A short story set in the world of the Favor Faeries
Each week in Story Cauldron I either write about something I’m curious about and how it connects to me and my storytelling, or I share a short story. Today I’m sharing a story I wrote almost two years ago in what would become my Favor Faeries fictional world.
I’d also like to welcome all of my new subscribers that joined thanks to an article I wrote about bagna cauda and Benld, IL. If fiction isn’t your cup of tea, I have more local St. Louis area history planned for the next few weeks, so stay tuned!
Jane wiped her eyes and closed her notebook. She gazed out of the window and blinked before another tear could fall. A couple of weeks ago she had gone shopping for a prom dress, and she looked forward to graduation.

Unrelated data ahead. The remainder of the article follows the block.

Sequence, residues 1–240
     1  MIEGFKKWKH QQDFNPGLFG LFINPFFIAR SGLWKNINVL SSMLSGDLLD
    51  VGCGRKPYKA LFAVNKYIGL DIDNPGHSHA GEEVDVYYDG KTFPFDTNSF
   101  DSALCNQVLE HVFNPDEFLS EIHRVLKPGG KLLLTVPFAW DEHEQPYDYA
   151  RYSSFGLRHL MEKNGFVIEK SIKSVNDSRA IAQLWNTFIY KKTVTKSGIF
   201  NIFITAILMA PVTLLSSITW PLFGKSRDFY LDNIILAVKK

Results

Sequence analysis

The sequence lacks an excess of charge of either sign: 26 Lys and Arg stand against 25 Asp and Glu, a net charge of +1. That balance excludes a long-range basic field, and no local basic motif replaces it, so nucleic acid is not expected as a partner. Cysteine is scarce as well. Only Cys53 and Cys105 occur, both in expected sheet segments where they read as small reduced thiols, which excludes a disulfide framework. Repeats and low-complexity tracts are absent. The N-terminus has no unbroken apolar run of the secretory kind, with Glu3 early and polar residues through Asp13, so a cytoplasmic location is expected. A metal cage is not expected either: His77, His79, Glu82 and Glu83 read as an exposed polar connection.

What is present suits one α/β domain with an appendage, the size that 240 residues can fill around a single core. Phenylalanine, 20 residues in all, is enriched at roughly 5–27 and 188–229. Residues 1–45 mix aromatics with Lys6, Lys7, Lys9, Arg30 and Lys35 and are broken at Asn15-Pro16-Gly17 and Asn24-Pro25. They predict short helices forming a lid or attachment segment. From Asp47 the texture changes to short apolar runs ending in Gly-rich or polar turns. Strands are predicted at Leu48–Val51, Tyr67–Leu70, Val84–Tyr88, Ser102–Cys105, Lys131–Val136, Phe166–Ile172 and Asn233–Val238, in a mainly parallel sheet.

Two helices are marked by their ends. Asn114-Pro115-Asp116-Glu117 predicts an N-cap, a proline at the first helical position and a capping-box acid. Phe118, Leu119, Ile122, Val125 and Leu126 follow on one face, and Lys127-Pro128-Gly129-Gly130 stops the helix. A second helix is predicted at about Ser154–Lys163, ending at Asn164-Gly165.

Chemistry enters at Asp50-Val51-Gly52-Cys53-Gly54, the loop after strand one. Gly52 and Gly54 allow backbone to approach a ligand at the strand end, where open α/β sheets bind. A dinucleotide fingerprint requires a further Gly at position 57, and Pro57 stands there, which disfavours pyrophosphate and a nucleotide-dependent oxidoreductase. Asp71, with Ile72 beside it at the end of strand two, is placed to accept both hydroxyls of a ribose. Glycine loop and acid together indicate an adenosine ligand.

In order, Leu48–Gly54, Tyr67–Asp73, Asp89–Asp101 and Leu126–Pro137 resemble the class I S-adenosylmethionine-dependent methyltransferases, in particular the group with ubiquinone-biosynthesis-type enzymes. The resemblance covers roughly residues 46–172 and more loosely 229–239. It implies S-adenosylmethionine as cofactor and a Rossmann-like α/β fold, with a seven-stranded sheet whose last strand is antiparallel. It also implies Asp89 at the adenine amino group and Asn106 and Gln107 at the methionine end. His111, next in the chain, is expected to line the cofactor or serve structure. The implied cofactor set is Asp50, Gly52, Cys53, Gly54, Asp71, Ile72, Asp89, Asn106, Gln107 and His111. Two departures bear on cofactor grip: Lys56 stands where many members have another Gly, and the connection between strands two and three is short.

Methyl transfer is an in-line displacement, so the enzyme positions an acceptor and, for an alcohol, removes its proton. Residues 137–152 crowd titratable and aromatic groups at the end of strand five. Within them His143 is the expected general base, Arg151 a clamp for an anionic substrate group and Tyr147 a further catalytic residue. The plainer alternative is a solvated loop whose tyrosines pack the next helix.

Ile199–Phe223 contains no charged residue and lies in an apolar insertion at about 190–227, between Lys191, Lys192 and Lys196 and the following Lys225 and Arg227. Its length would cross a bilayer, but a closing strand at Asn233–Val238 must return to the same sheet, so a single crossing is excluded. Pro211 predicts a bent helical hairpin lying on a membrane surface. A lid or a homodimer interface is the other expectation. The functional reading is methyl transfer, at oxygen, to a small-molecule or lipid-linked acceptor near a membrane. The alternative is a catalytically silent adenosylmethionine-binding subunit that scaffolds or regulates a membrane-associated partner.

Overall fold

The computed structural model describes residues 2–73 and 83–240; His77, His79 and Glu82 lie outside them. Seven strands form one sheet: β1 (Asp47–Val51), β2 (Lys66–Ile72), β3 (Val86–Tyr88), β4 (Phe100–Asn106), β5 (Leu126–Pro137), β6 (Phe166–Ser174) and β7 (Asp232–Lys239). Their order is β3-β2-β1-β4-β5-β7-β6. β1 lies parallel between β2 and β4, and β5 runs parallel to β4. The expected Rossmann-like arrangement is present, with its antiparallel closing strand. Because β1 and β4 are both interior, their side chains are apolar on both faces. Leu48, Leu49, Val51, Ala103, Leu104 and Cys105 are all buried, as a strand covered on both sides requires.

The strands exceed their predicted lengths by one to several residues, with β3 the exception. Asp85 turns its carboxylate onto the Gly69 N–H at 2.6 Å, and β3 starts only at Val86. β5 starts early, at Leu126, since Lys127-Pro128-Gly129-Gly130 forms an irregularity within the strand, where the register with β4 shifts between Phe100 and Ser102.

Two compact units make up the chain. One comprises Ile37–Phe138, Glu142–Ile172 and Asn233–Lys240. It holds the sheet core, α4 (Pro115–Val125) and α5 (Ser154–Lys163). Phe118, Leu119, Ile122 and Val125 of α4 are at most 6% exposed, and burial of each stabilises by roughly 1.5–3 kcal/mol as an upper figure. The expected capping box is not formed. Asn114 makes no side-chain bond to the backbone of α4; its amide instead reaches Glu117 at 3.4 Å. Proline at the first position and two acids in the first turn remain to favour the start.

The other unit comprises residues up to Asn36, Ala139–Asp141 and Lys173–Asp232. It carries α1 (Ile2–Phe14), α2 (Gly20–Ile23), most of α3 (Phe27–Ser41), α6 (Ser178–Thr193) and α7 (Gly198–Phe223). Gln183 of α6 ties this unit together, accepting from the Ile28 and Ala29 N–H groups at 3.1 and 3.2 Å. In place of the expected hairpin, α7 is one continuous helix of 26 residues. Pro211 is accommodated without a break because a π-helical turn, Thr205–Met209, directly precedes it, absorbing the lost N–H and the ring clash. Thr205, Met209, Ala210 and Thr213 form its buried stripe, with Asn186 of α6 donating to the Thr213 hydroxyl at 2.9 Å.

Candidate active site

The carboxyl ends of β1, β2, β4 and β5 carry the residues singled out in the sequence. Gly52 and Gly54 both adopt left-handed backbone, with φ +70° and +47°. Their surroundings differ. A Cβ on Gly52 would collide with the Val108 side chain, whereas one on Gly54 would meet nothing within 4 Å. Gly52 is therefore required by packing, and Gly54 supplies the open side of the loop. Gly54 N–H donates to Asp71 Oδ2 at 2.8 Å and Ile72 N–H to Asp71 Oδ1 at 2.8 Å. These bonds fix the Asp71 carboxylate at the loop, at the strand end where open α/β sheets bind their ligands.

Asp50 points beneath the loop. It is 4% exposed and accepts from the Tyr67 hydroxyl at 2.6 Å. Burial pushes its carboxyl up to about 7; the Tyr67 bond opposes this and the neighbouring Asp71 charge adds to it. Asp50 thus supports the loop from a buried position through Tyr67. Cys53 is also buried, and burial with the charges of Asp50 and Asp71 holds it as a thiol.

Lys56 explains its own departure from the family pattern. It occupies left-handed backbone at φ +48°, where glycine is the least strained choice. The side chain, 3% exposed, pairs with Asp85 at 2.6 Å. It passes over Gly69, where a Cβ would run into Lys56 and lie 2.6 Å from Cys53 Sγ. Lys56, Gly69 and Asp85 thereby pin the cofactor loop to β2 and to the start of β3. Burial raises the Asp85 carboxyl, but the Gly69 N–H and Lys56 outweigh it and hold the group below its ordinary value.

That was all before she had seen them. Now she couldn’t go back to school, and all her efforts to forget them had just made things worse.
“I won’t hurt you.”
The dog had curled up against the wall, wedged behind a dumpster in the high school parking lot. It held its grey mottled body tight, the ears lowered, and stared at her with pale eyes of sea and sky.
“Come on sweetie, you don’t want to be back here by yourself, do you?” Jane pushed up the sleeves of her hoodie and then knelt on the asphalt, the tar sticky in the late afternoon sun.
Rather than growl or show its teeth, the dog lowered its head and rolled slightly, enough to lift a leg and tentatively expose her belly.
“Aww, that’s right, I don’t want to hurt you. I just want to help.” Jane tried to crawl forward on her hands and knees, but there wasn’t much space to squeeze into.
That’s when she fell.
“What are you doing, human, staring at me like that? I thought you were going to help me!” The words were sharp and nasal, and not the voice of a child.